Earth-like planets may have magnetic fields, life too
Earth-like planets orbiting close to small stars probably have magnetic fields that protect them from stellar radiation and help maintain surface conditions that could be conducive to life, new research shows.
Washington: Earth-like planets orbiting close to small stars probably have magnetic fields that protect them from stellar radiation and help maintain surface conditions that could be conducive to life, new research shows.
A planet's magnetic field emanates from its core and protect the atmosphere from being lost to space.
Magnetic fields, born from the cooling of a planet's interior, could also protect life on the surface from harmful radiation, as the Earth's magnetic field protects us.
"These preliminary results are promising, but we still do not know how they would change for a planet like Venus where slow planetary cooling is already hindering magnetic field generation," said lead author and astronomer Peter Driscoll from University of Washington.
Driscoll was also curious about the effect of tidal heating on magnetic fields across long periods of time.
The gravitational tug from the star creates tidally generated heat inside the planet or tidal heating.
Tidal heating is responsible for driving the most volcanically active body in our solar system, Jupiter’s moon Io.
There has been a general feeling among the astronomers that tidally-locked planets are unlikely to have protective magnetic fields "and therefore are completely at the mercy of their star."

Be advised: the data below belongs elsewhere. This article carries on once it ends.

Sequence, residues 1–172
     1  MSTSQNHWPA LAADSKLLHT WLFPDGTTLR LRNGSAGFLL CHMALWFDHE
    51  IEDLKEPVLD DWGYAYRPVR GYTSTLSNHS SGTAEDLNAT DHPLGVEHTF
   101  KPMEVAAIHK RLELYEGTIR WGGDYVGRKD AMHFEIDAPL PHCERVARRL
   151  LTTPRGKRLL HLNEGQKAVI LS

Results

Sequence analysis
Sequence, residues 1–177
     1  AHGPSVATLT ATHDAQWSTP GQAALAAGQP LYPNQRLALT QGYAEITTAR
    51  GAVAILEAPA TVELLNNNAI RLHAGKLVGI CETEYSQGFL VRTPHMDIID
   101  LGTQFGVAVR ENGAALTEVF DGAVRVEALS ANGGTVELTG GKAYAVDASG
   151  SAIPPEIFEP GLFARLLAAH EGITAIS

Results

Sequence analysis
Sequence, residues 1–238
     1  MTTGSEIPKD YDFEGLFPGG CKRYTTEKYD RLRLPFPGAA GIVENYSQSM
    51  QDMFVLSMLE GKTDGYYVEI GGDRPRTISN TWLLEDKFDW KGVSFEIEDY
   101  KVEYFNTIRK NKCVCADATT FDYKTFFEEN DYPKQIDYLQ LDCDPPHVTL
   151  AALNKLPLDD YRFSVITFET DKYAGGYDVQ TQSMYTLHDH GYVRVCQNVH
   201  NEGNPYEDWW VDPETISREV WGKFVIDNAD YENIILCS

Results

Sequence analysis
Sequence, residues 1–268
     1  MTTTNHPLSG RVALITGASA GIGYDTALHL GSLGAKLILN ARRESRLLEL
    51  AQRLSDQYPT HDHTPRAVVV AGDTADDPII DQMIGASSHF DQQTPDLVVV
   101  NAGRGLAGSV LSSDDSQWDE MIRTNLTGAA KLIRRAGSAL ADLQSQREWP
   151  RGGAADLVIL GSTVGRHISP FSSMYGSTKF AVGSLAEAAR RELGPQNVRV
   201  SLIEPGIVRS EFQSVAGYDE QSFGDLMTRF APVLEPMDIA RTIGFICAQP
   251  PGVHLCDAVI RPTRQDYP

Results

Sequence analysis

The new research suggests that this assumption is false.
Far from being harmful to a planet's magnetic field, tidal heating can actually help it along -- and in doing so also help the chance for habitability.
This is because the more tidal heating a planetary mantle experiences, the better it is at dissipating its heat, thereby cooling the core which helps create the magnetic field.
In computer simulations, the team was able to generate magnetic fields for the lifetimes of these planets in most cases.
"I was excited to see that tidal heating can actually save a planet in the sense that it allows cooling of the core. That's the dominant way to form magnetic fields," the authors noted.
Since small or low-mass stars are particularly active early in their lives -- for the first few billion years or so -- "magnetic fields can exist precisely when life needs them the most".
"In the future, exoplanetary magnetic fields could be observable, so we expect there to be a growing interest in this field going forward," Driscoll added.
The paper appeared in the journal Astrobiology.